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HOSTAGE PLIGHT HINGES ON REACTION OF U.S. AND ISRAEL TO INCREASED VIOLENCE, WEIR SAYS

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How the United States and Israel react to increasing violence in Israeli-occupied territories could be critical to the fate of American hostages held in Lebanon, a former hostage said Saturday.

The Rev. Benjamin Weir, who is in Utah for more than a week for the General Assembly of the Presbyterian Church (USA) in Salt Lake City, beginning Monday and graduation exercises at Wasatch Academy on Sunday, said the driving cause of hostage-takers is to diminish U.S. support of Israel, which occupies Palestinian territory on the West Bank of the Jordan River and Gaza Strip on the shores of the Mediterranean Sea."It would be a very important move" to have some kind of dialogue between Israeli and Palestinian representatives toward eventual elections in the occupied territories and release of Lebanese Shiites held in Israel, Weir told the Deseret News.

Indeed, recent reports from Beirut bear out Weir's concerns that the hostage situation hinges on events in Israel. Iranian-backed Moslems holding two Americans hostage in Lebanon vowed Saturday to make the U.S. and Israel pay for the recent killing of seven Arab workers in Israel.

In a written statement, the group did not say how it would retaliate for the attack near Tel Aviv by a deranged Israeli last Sunday but added:

"The effective deterrent is force. America is directly responsible for the bloodshed . . . America is trying to keep its Middle East base, Israel, at any price."

Weir explained that hostage-takers are determined in their cause and refusals to deal with them won't accomplish anything. He recommends a sustained and continuous effort to negotiate with captors.

"In the Middle East you get everything done by negotiation. You bargain for what you want," he said. "There can be some give and take. The attitude of having nothing to do with them (hostage-takers) is not at all helpful to the hostages."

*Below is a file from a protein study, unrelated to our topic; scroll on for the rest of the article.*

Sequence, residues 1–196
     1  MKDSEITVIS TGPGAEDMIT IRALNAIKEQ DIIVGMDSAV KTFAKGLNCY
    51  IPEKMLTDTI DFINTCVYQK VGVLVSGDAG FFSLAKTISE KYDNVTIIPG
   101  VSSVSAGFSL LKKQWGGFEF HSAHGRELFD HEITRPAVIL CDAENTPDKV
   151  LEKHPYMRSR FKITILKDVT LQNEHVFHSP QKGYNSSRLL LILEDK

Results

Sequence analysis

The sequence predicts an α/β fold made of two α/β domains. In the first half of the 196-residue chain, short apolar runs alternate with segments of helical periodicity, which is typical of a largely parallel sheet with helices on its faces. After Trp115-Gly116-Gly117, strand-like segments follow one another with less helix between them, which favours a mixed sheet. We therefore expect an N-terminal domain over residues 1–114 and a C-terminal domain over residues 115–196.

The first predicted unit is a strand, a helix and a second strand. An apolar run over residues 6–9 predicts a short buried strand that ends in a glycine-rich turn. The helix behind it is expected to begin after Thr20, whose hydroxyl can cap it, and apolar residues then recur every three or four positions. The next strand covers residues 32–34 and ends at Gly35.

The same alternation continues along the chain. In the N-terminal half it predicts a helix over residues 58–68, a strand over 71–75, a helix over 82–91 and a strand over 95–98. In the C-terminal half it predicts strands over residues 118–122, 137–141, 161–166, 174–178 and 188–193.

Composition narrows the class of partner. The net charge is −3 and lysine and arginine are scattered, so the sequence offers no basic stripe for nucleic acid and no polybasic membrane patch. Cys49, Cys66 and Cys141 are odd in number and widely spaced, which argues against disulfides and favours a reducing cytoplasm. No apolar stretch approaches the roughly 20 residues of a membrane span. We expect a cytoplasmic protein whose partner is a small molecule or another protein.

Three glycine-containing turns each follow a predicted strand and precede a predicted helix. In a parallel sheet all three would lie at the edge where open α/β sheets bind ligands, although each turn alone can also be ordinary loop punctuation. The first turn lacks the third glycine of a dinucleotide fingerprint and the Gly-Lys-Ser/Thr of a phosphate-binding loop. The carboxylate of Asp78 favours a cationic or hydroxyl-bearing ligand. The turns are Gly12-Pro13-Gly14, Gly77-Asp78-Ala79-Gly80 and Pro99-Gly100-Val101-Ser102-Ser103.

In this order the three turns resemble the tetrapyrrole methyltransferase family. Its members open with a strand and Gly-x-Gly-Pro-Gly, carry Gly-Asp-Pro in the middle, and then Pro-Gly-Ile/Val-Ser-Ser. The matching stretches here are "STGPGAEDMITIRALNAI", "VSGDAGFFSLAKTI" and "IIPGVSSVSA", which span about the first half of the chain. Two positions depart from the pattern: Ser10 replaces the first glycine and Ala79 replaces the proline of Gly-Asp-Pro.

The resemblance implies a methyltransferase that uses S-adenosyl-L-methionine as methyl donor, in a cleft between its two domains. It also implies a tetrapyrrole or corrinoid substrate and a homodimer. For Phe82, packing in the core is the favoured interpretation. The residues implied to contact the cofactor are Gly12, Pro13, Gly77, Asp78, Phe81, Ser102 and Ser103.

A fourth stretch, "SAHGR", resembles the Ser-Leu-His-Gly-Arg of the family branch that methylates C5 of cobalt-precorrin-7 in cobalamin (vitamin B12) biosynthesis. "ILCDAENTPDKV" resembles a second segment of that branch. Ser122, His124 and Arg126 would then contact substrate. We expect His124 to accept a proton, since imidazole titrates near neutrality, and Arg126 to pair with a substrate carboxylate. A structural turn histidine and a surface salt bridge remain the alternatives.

Sixteen Western hostages are being held by pro-Iranian Shiite Moslem zealots in Lebanon. The captives are six Americans, four Britons, two West Germans, two Swiss, an Italian and an Irishman.

Asked if the capture of negotiator Terry Waite contradicts the assessment that hostage-takers will negotiate in good faith, Weir said Waite's capture could have been result of in-fighting among different Moslem factions.

"It's wild," he said, referring to the challenge negotiators face in determining who to deal with. "But that's the nature of Lebanon."

Weir said his captors told him his release after 16 months was a show of good faith for the release of two Moslem hostages.

Weir was taken hostage in 1984. At the time he had been living in Lebanon for more than 30 years as a missionary, representative and coordinator for the Presbyterian Church's mission in Lebanon and Syria.

He said it was risky living there, but Americans had reasonable expectations to believe they were safe. He said the American University was walled-in and had security forces. The two American hostages taken from that campus were abducted by gunmen posing as Lebanese riot police.

As a hostage held in isolation for 16 months and secretly moved to different locations in Lebanon, Weir said he learned to call on all his resources at a time of crisis _ his primary resource being God.

He also said he became keenly aware of the danger people live in outside of the United States. "You can't assume most people in the world are as comfortable as we are here."